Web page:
Brexit negotiations kick off in Brussels

High stakes for Ireland as teams for UK and EU meet to formulate post-exit relationship

Dublin Port: under World Trade Organisation rules and tariffs, meat exports to the UK would be taxed at close to 50 per cent and dairy products at over 30 per cent. Photograph: Stephen Collins/Collins

Dublin Port: under World Trade Organisation rules and tariffs, meat exports to the UK would be taxed at close to 50 per cent and dairy products at over 30 per cent. Photograph: Stephen Collins/Collins

 

Negotiators for Britain and the European Union meet for the first time on Monday to begin hashing out the future relationship between the UK and the world’s largest trading bloc.

Britain left the EU after nearly half a century of membership in January, and is in a transitional phase until the end of this year, continuing to observe EU norms pending an agreement on what comes next.

The UK and EU are poles apart on a series of sensitive issues from fishing to the so-called level playing field, any of which could collapse the talks. British negotiators say they want a free trade agreement with no obligations to align with EU standards, likening their aim to the arrangements the EU has with countries like Australia.

The EU says ease of access depends on closeness of standards, because allowing the UK equal access with freer rules would disadvantage EU companies. It also says a bespoke Canada-style deal is not achievable before the end-of-year deadline Britain insists on, because without overarching alignment negotiators would have to work through each category of goods from oils to textiles one by one.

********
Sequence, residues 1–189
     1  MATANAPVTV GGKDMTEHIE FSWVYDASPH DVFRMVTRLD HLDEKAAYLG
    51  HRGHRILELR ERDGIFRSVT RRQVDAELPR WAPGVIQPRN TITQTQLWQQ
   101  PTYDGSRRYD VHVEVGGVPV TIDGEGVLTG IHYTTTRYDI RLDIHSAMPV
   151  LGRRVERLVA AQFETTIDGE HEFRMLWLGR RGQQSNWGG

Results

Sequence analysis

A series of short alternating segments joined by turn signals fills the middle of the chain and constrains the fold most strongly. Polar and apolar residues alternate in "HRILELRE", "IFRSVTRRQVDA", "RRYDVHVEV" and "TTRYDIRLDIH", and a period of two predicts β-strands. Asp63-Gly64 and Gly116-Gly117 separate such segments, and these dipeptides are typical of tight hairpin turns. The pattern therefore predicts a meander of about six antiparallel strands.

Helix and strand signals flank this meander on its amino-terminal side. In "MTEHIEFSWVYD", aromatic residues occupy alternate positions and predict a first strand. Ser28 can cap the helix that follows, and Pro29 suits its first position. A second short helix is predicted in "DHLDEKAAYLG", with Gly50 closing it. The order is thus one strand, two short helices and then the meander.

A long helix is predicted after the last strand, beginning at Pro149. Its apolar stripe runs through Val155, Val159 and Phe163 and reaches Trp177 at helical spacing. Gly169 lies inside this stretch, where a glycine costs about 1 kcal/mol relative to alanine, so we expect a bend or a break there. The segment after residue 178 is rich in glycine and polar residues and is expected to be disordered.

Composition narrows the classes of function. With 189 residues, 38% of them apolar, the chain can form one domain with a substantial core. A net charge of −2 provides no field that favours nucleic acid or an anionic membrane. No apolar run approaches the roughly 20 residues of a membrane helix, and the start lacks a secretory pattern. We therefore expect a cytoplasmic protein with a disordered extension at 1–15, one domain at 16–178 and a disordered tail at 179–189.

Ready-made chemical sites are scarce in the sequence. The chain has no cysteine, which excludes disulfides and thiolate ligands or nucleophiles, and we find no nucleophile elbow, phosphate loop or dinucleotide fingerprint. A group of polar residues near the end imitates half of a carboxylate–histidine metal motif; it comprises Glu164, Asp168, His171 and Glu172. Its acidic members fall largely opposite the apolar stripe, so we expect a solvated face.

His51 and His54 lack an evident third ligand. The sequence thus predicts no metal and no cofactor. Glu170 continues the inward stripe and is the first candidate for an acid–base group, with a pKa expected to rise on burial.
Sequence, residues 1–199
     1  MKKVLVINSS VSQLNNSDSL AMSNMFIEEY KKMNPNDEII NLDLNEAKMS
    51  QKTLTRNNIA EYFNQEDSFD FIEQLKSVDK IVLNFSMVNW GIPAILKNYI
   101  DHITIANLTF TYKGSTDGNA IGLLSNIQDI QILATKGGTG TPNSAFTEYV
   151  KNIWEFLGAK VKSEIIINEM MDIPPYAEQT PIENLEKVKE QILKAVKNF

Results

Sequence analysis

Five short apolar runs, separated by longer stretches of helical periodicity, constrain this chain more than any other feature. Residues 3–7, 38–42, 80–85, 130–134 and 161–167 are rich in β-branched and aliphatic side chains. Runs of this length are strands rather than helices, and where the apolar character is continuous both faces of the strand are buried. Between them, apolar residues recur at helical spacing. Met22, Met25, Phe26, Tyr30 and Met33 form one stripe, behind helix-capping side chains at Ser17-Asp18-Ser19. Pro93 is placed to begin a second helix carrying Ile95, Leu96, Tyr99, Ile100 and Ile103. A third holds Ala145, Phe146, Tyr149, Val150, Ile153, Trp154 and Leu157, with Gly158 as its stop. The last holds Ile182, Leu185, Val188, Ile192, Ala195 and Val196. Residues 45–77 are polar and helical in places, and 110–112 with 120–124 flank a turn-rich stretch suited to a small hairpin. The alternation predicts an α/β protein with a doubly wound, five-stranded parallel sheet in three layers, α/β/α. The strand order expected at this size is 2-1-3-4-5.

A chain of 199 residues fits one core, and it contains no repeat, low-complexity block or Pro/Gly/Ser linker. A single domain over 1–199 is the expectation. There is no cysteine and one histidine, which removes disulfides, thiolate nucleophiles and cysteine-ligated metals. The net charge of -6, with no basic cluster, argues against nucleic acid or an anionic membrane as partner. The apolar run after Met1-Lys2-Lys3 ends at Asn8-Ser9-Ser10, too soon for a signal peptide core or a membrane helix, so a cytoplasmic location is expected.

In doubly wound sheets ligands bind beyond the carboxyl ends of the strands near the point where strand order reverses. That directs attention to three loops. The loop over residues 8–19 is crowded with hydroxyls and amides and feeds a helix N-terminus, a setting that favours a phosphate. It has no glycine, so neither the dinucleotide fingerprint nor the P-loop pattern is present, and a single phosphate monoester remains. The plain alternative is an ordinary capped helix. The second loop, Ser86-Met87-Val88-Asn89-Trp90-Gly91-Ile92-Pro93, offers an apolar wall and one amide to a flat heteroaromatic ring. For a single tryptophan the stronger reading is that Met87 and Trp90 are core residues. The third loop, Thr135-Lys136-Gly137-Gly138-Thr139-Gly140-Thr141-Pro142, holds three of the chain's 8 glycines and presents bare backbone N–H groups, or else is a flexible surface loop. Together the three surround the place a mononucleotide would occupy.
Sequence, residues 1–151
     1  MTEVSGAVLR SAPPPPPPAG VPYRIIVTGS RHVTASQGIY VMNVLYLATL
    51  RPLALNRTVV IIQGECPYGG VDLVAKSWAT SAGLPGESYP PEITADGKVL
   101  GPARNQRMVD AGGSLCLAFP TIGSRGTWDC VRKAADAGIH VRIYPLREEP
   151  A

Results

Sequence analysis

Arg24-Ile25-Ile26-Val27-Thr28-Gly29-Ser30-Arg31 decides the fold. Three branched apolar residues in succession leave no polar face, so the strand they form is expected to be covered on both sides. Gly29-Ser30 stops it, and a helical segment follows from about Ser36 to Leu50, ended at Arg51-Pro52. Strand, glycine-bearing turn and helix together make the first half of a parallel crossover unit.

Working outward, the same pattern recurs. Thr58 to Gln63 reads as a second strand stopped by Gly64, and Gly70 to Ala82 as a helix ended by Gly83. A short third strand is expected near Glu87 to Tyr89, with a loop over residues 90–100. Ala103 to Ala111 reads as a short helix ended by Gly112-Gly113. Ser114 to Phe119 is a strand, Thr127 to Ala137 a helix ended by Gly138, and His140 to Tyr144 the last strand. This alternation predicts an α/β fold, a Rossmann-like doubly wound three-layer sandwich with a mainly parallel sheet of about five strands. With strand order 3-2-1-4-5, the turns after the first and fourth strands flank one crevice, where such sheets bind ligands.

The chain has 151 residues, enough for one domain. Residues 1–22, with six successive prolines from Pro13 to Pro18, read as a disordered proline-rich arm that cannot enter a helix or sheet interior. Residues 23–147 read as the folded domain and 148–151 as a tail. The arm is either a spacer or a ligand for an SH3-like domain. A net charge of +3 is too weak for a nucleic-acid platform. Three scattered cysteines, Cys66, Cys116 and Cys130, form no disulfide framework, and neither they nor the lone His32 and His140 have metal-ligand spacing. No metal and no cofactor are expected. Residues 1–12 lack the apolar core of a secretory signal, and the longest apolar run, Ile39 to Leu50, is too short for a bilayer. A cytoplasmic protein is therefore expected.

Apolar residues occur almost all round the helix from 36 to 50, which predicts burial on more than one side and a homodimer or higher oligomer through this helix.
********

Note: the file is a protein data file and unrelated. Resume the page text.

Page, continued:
‘Not Canada, not Australia’

“The idea . . . is for the birds as you say in the UK,” French European affairs minister Amélie de Montchalin said in a speech in London. “You are not Canada, you are certainly not Australia, first of all because you can get here by train.”

Irrespective of whether a deal is reached, the ambitions pursued by the government of prime minister Boris Johnson indicate a radical departure from the current situation, entailing customs and goods barriers on imports and exports to Britain. London now admits its choices entail “trade-offs” and “costs”, and trade commissioner Phil Hogan has warned companies must do more to prepare.

The stakes for Ireland are high. The Irish economy will be between 3.2 per cent and 3.9 per cent smaller by 2030 if a free trade agreement is reached, compared to if current arrangements remained, according to analysis by Copenhagen Economics for the Irish Government.

Britain says it will prepare for “no deal” if it feels insufficient progress has been made by June.

Irish exports

Such an outcome would mean almost twice as much economic pain for Ireland, with an estimated 7 per cent cost to gross domestic product. Britain would automatically begin trading under World Trade Organisation rules and tariffs in January. Meat exports to the UK would be taxed at close to 50 per cent and dairy products at over 30 per cent: according to the Central Bank, this could “potentially eliminate” Irish meat and dairy exports to Britain.

Under the withdrawal agreement of last year, Northern Ireland is to remain aligned with the EU to avoid the need for checks along the land border with the Republic. This entails checks in the Irish Sea. The EU has made achievement of a deal contingent on the “effective implementation” of these arrangement, after secretary of state for Northern Ireland Brandon Lewis raised fears that London could renege by saying there would “not be a border down the Irish Sea, there’ll be unfettered access for business”.

The dour days of talks begin with a meeting between the EU and UK chief negotiators Michel Barnier and David Frost. Talks will then split into 11 groups that will work concurrently, dedicated to specific areas like transport, energy, and fisheries. Four more rounds are planned by May, alternating between London and Brussels.